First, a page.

A new international survey conducted by the European Association of Urology suggests that public awareness of urological conditions is alarmingly low awareness of urology throughout Europe. This low level indicates particular concern as urological conditions are on a rise due to the aging European population.
Prof. Hein Van Poppel, urologist and Adjunct Secretary General of the EAU said, “The results of our latest survey clearly demonstrate that people are ill-informed when it comes to urological conditions. Men, in particular, have less knowledge than women and turn a blind eye to symptoms and early diagnosis. Persuading men to take their health seriously presents a serious challenge. They need to have a better understanding of the risk and symptoms of their conditions. They should be encouraged to seek support from a medical professional if they suspect anything unusual.”
Consequences of another universal survey of in excess of 2,500 responders from 5 nations demonstrate that women know more about men’s medical problems than men do. Moreover, men have poor knowledge of key urological symptoms and don’t take early indications of conceivably perilous urological conditions genuinely.
40% of respondents were unable to identify what a urologist does, 10% stated that they had never even heard of a urologist and almost 15% believe that a urologist treats disorders of the skeletal, nervous or circulatory systems.
Consistently, just about 450,000 men over the continent will be determined to have prostate cancer prompting 92,000 passings in Europe2. In spite of prostate malignancy being the most widely recognized disease in males all through Europe, seventy-five percent of men conceded that they have restricted learning of its symptoms. Men are, truth be told, more sure about perceiving the indications of breast cancer (31%) than they are of prostate growth (27%).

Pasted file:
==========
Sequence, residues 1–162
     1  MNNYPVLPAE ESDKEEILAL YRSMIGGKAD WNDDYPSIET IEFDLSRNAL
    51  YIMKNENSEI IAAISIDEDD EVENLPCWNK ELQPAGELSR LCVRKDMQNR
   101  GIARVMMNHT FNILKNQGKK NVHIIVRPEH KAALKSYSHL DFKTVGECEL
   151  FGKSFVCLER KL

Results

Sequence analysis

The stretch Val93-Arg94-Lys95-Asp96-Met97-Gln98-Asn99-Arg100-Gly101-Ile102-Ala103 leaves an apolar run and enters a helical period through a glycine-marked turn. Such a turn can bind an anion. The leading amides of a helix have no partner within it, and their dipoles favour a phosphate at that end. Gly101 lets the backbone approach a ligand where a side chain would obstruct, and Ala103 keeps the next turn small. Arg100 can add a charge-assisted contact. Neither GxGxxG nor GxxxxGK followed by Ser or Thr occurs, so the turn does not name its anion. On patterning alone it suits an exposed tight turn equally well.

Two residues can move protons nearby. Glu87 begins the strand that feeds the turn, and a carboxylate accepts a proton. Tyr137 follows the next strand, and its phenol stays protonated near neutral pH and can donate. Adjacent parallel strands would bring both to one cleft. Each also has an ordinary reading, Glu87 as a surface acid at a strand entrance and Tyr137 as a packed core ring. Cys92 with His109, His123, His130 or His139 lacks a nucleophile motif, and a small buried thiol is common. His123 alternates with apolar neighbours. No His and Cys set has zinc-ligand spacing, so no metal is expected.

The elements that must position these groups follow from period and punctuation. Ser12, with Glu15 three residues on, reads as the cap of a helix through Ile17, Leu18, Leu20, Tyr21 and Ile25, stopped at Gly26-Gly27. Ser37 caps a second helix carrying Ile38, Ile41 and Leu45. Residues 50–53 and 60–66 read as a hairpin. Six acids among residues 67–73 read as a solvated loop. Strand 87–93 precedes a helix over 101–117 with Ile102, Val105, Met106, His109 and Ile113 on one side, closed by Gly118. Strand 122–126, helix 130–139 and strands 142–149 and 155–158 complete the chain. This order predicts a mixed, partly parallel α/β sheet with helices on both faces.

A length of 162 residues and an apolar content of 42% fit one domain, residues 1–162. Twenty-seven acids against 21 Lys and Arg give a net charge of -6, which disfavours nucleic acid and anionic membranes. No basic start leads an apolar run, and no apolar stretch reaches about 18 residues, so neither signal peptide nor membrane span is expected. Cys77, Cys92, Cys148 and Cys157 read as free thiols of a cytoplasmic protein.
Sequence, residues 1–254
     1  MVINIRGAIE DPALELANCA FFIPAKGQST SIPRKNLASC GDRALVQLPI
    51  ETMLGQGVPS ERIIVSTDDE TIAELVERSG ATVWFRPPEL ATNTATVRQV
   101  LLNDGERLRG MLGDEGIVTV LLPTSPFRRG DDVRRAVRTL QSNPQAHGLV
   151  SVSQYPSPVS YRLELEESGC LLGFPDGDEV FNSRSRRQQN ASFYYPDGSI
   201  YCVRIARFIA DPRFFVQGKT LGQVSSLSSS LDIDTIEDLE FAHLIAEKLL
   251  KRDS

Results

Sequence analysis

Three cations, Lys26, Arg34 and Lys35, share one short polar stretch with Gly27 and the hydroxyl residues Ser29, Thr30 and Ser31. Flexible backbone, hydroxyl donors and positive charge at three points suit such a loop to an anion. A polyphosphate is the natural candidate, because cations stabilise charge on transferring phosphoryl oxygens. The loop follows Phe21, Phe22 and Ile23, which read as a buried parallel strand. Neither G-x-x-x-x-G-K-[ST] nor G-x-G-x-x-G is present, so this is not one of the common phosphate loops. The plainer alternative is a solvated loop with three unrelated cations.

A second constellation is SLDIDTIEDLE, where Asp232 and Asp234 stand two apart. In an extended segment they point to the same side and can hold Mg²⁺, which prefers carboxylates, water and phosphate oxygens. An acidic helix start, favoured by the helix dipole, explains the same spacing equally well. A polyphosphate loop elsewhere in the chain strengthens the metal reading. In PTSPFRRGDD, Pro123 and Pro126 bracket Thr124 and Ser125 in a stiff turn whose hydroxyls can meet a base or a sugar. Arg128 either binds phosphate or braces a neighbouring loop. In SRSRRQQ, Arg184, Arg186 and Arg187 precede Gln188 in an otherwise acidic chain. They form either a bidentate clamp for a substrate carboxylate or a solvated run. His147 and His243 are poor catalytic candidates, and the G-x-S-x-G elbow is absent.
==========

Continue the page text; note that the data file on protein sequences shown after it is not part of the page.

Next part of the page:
Erectile Dysfunction and Incontinence Still Taboos
Erectile dysfunction (ED) predominance in Europe is evaluated at 50%3 of the sexually active men of 50 years and more seasoned. Be that as it may, the subject remains an unthinkable prompting misconception and ignorance. 75% of the respondents didn’t know about the quantities of men that experience the ill effects of erectile dysfunction in their nation. Thus, 85% were ignorant of the measure of individuals in their nation that experience the ill effects of urinary tract issues.
Prof. Van Poppel said, “Men’s health issues involve partners too. Women are more used to checking their bodies. They should encourage men to do the same and discuss their health more in detail. Women should actively participate in conversations with their male partners and doctors.”
Testicular cancer occurs in the testicles (testes), which are located inside the scrotum. Compared with other types of cancer, testicular cancer is rare. But the survey suggests that 18% of male respondents knew that men aged 16 to 44 years have the highest risk.
Symptom awareness is recognized as a leading factor in the early diagnosis of urological conditions. The majority of deaths in male cancers occur because most men do not address their conditions in time. Despite this, they continue to ignore their symptoms and delay seeing their doctors.
The survey reveals that 43% of people would not go to their doctor straight away if they notice blood in their urine; 23% would wait longer than a month if they suffered a frequent urge to urinate; 28% would wait for more than a week if they suffered burning or pain during urination; and only 17% of people surveyed associate pain in their lower abdomen with a serious problem.